Tips and Trends in Teen Elective Plastic Surgery
MIAMI BEACH – Adolescents who undergo elective plastic surgery tend to “sail through surgery more easily” than adults, according to an expert.
In addition, more male teenagers seek these procedures, meaning the gender disparity is not as striking as it is among adults.
Dr. Mary H. McGrath
“When we do cosmetic surgery in teenagers, it is remarkably conflict free, compared with other medical interventions in teenagers, and compared with other age groups,” Dr. Mary H. McGrath said. The reasons are not entirely clear – most research in adolescents addresses rhinoplasty only – but it could be because surgery comes during a time of great overall change for teenagers, she said.
Of the estimated 9.2 million surgical and nonsurgical cosmetic procedures in the United States in 2011, 18% were surgical and accounted for 63% of expenditures, according to data from the American Society for Aesthetic Plastic Surgery. Patients 18 years and younger comprised 1.4% of this total and underwent 97,214 nonsurgical and 34,663 surgical procedures.
Otoplasty was the most common 2011 elective surgical procedure in patients under the age of 18 years in 2011. About one third, 34%, of the estimated 11,000 otoplasties were performed on males. Rhinoplasty came in second on the list, with 20% of the 9,500 procedures performed in males. Breast augmentation, liposuction, and breast reduction (for cosmetic reasons) were the next most common, in order, followed by correction of gynecomastia (not surprisingly, 100% in males).
In contrast, in adult patients, more than 90% of all elective plastic surgeries are performed in women, Dr. McGrath said.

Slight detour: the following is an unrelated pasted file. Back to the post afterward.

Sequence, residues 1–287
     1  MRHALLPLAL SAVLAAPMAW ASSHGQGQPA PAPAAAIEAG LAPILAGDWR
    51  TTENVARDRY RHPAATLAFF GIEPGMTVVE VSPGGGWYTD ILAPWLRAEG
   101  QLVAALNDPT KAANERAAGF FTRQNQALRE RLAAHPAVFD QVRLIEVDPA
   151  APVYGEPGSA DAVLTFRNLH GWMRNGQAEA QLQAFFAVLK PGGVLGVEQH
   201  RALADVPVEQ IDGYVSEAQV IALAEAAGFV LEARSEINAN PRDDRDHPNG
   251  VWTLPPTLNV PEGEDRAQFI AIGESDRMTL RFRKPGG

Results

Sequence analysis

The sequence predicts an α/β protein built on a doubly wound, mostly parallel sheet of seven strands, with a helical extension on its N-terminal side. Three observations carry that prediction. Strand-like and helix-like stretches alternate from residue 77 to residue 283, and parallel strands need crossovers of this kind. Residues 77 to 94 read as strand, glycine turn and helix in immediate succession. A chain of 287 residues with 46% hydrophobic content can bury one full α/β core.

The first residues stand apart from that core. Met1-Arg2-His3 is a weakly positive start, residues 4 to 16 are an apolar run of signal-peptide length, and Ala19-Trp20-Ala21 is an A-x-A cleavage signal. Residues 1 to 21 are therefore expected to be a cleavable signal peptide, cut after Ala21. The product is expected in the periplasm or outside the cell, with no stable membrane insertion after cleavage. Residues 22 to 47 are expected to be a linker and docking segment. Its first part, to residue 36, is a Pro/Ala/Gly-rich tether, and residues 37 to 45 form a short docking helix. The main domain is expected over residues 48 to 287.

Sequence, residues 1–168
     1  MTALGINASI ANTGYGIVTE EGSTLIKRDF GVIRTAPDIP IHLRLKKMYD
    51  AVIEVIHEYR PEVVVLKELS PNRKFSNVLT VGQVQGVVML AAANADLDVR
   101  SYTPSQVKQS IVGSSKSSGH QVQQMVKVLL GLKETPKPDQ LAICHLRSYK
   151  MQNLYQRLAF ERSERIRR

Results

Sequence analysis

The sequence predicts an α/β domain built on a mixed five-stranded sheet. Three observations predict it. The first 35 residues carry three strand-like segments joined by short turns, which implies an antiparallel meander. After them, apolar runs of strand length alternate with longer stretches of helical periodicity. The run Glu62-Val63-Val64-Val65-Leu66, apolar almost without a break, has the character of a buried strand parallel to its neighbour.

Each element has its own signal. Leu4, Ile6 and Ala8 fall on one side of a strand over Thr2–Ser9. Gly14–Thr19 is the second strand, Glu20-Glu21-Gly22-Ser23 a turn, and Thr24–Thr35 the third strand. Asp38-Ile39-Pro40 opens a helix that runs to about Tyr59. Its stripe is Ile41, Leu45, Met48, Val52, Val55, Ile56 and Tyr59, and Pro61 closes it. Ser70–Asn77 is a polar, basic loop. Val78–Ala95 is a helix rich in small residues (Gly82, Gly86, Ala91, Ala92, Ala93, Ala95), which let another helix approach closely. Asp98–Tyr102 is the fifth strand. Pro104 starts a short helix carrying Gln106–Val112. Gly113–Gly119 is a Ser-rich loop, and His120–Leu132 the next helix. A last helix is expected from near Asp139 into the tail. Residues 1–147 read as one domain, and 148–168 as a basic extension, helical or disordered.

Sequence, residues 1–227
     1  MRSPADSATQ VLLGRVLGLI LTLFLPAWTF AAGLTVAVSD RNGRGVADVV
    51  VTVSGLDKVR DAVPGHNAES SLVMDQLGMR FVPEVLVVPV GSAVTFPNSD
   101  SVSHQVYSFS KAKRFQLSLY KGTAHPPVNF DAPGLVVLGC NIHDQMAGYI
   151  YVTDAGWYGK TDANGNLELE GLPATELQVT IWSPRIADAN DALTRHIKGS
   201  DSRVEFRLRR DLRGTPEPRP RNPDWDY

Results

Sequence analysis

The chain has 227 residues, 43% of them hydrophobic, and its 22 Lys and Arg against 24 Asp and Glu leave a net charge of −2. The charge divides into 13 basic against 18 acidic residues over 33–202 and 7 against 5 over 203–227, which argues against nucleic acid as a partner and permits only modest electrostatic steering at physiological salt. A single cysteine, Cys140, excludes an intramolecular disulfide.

Assessment of physical and mental health is the first step when an adolescent asks about plastic surgery in the primary care setting, Dr. McGrath said at the annual meeting of the North American Society for Pediatric and Adolescent Gynecology.
Ensure the adolescent has the necessary emotional and physical maturity. “Determine that the patient has reached the growth milestone and physical maturity for that surgery. We wouldn’t do breast augmentation on a 16-year-old,” for example, said Dr. McGrath, professor of surgery in the division of plastic and reconstructive surgery at the University of California, San Francisco. Also rule out any psychiatric contraindication, such as body dysmorphic disorder, she said.
Speak with the patient alone. Also talk with them with their family present to assess the degree of support. Ask the patient to articulate why they want the surgery. Ensure patient expectations are realistic. After referral, a plastic surgeon ideally will assess the specific deficit, outline what can be accomplished surgically, and describe the potential risks. Efficacy and safety considerations are critical, Dr. McGrath said.
Ask teenagers to explain how they would handle a complication. Dr. McGrath also asks them to repeat back important aspects of the discussion to ensure they understand.
Dr. McGrath shared some tips and insight on the following
• Otoplasty. The ear achieves 85% of full growth by age 3 years, which is “why kids’ ears look so big.” Sometimes, the goal of
surgery is to approximate symmetry. A good plastic surgeon will be familiar with the subtle anatomic features of the ear: the top of the ear is generally closer to the head than the middle, while the lobule at the bottom should stick out the most.